Nor are you Modest or a good definition of Capitalst. From your latest posts it seems you're slipping gears and becoming RavingLunatic. Definitely not helping the cause, just spewing your own agenda for anyone that will listen.

[-] 1 points by ModestCapitalist (2342) 10 years ago

Next.

[-] 0 points by EXPOSED (222) 10 years ago

Disapoint...

You have good potential comrade.

[-] 1 points by ModestCapitalist (2342) 10 years ago

I'm not a communist. I'm a modest capitalist. I want a relatively free market with a reasonable scale of income opportunity and an adequate safety net for those in need.

[-] 0 points by EXPOSED (222) 10 years ago

No need to hide with me, I'm one too. we're among compadres...

[-] 1 points by ModestCapitalist (2342) 10 years ago

Do you believe that mom and pop should be allowed by law to open a flower shop? I sure as hell do. I want mom and pops flower shop in my community. I want it run without subsidies, within the law, and by mom and pop. Not some conglomerate or parent company. If you don't believe that mom and pop should be allowed by law to open a flower shop, then you're a communist.

Do you believe that mom and pop should be allowed by law to open a flower shop?

Yes. Capitalist. No. Communist.

[-] 1 points by Mooks (1985) 10 years ago

Do you pay more taxes than you have to?

[-] 1 points by ModestCapitalist (2342) 10 years ago

I don't lobby for breaks. Not for myself and not for my golden goose. I don't even claim any deductions except 1 for myself. I never complain about paying taxes. Never. The rich do everything they can to pay less. Who do you think lobbied for this?

Here is a list of the top ten companies that not only paid no taxes but got huge corporate welfare from we the people.

1) Exxon Mobil made $19 billion in profits in 2009. Exxon not only paid no federal income taxes, it actually received a $156 million rebate from the IRS, according to its SEC filings. Note: This claim was made by Forbes.com in April of '10'. Shortly after, they published a followup article which included a rebuttal by Exxon Mobil. Forbes.com did acknowledge a mistake based on incorrect line items filed by Exxon Mobil. http://www.forbes.com/sites/energysource/2010/04/07/exxon-says-it-does-pay-u-s-income-taxes

2) Bank of America received a $1.9 billion tax refund from the IRS last year, although it made $4.4 billion in profits and received a bailout from the Federal Reserve and the Treasury Department of nearly $1 trillion.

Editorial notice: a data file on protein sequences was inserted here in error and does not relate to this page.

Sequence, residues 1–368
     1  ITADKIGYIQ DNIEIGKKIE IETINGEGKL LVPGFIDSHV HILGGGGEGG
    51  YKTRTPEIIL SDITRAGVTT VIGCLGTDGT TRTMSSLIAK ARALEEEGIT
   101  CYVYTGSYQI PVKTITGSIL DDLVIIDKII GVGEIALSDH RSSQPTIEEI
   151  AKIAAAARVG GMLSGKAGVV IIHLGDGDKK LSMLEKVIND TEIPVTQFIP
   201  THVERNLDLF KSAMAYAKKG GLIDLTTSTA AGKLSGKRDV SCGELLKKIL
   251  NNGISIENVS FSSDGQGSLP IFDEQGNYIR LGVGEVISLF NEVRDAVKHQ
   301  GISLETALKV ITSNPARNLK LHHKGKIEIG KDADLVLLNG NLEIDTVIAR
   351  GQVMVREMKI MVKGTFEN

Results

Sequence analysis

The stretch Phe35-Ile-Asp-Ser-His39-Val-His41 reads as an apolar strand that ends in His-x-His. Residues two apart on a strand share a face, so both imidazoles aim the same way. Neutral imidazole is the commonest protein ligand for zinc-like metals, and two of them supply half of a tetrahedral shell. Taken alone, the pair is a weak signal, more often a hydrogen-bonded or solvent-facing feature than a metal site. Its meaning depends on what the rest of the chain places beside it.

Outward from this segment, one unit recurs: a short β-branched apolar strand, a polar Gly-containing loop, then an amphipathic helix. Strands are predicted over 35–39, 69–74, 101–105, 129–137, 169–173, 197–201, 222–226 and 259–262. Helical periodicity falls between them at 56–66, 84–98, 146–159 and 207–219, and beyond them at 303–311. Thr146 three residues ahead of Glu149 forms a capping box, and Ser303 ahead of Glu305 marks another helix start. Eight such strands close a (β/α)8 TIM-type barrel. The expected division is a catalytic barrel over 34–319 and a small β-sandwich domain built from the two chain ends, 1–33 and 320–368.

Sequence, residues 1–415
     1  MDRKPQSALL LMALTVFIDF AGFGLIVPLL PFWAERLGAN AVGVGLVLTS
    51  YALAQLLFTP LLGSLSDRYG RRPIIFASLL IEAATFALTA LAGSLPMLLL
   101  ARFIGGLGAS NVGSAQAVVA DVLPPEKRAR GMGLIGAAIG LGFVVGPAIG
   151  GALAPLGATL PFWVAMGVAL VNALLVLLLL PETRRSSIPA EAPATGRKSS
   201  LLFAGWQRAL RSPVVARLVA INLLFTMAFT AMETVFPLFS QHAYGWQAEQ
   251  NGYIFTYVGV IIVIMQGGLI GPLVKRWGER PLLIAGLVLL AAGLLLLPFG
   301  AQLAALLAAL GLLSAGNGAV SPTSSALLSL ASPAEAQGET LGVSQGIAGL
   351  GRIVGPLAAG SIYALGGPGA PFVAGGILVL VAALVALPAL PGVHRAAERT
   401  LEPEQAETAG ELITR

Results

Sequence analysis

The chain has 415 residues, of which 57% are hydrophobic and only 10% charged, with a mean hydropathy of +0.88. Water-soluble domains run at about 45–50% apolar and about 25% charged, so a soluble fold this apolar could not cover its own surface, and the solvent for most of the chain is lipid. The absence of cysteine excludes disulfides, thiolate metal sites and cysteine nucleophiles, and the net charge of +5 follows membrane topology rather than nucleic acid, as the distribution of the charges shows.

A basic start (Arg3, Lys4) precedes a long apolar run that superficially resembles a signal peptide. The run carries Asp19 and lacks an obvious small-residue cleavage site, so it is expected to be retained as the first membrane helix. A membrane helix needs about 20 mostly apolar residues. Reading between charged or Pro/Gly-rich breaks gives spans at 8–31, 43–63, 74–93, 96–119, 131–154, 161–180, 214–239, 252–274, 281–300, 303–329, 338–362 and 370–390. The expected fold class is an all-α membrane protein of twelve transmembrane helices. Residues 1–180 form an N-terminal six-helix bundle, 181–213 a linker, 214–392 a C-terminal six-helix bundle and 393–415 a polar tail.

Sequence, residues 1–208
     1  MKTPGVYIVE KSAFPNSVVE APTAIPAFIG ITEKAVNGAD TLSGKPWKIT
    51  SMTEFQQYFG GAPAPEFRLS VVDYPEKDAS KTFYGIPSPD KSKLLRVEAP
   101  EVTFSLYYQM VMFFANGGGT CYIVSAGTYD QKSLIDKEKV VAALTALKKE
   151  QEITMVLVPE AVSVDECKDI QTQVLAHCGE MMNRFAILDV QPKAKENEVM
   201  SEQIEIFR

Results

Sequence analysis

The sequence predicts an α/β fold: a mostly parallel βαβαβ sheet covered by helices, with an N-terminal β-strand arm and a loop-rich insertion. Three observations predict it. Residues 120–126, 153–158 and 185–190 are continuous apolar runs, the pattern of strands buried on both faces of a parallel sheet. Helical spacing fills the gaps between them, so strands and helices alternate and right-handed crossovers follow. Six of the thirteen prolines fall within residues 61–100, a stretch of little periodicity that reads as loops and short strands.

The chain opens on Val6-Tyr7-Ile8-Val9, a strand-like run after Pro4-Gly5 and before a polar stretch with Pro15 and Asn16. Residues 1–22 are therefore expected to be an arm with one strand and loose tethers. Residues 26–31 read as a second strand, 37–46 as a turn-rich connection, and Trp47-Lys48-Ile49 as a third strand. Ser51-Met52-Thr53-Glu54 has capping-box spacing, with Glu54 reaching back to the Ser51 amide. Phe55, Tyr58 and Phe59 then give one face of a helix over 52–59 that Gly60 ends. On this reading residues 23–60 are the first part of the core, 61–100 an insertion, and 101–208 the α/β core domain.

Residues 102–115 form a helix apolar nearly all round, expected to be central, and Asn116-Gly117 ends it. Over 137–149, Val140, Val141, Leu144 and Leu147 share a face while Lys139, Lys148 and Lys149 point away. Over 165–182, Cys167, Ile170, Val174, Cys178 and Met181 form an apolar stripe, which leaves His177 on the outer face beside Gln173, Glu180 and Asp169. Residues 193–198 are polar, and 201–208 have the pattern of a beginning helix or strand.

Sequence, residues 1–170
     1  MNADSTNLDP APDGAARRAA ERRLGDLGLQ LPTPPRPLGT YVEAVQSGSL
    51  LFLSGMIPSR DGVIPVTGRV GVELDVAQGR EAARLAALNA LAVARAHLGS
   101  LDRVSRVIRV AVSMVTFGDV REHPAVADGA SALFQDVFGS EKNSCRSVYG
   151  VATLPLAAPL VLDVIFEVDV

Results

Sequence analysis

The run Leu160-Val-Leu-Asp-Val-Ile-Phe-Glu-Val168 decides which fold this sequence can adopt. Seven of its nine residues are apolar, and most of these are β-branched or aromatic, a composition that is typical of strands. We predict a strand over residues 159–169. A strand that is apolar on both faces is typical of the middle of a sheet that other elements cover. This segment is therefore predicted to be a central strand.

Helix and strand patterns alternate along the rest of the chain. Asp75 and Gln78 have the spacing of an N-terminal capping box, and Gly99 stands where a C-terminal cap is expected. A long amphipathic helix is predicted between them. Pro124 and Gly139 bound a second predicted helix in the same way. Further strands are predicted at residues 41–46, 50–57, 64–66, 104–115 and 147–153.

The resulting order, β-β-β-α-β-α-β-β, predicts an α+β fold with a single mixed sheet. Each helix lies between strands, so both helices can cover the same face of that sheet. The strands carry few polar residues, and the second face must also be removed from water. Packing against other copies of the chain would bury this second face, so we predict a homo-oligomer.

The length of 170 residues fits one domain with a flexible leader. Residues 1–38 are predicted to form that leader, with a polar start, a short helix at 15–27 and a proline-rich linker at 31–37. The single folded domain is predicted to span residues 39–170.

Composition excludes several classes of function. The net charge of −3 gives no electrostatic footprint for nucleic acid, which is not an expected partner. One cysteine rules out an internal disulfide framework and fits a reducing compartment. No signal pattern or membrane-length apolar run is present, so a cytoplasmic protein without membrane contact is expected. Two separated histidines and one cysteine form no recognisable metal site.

3) Over the past five years, while General Electric made $26 billion in profits in the United States, it received a $4.1 billion refund from the IRS.

4) Chevron received a $19 million refund from the IRS last year after it made $10 billion in profits in 2009.

5) Boeing, which received a $30 billion contract from the Pentagon to build 179 airborne tankers, got a $124 million refund from the IRS last year.

6) Valero Energy, the 25th largest company in America with $68 billion in sales last year received a $157 million tax refund check from the IRS and, over the past three years, it received a $134 million tax break from the oil and gas manufacturing tax deduction.

7) Goldman Sachs in 2008 only paid 1.1 percent of its income in taxes even though it earned a profit of $2.3 billion and received an almost $800 billion from the Federal Reserve and U.S. Treasury Department.

8) Citigroup last year made more than $4 billion in profits but paid no federal income taxes. It received a $2.5 trillion bailout from the Federal Reserve and U.S. Treasury.

9) ConocoPhillips, the fifth largest oil company in the United States, made $16 billion in profits from 2007 through 2009, but received $451 million in tax breaks through the oil and gas manufacturing deduction.

10) Over the past five years, Carnival Cruise Lines made more than $11 billion in profits, but its federal income tax rate during those years was just 1.1 percent.

These are only the top 10. Dozens more on the list.

[-] 1 points by Mooks (1985) 10 years ago

Anyone in America can own stock in those companies and profit, and a large amount do. And I bet there are at least a million Americans working for those 10 companies.

The laws need to be changed to make tax laws more fair. I don't know how you can fault them for paying as little tax as possible. I know you say you don't deduct anything, but you are in the very, very small minority.

[-] 1 points by ModestCapitalist (2342) 10 years ago

The benefits are paid primarily to the top one percent (51%), the next four percentiles (33% give or take), foreign investors (13% give or take), the scraps leftover are shared by the lower 95 percent of Americans. From the top down of course.

Close those damn corporate loopholes. Raise taxes on the rich.

[-] 0 points by NotYour99 (226) 10 years ago

I wonder just how many times you have cut and pasted this and other propagandized "facts" on this forum. Countless times in my eyes. Now you're just doing it with more swearing which actually lowers your credibility, not raises it.

[-] 1 points by ModestCapitalist (2342) 10 years ago

Next.

[-] 0 points by NotYour99 (226) 10 years ago

For those keeping score in any of these ranting threads of self adulation, when MC says "Next", that generally means that you caught him in a lie and he can't defend it.

[-] 1 points by ModestCapitalist (2342) 10 years ago

Wrong. It means that another critic has responded with another petty insult or grade school psychological trick. It means that I've become bored with them.

Next.

[-] 1 points by hidden (430) from Los Angeles, CA 10 years ago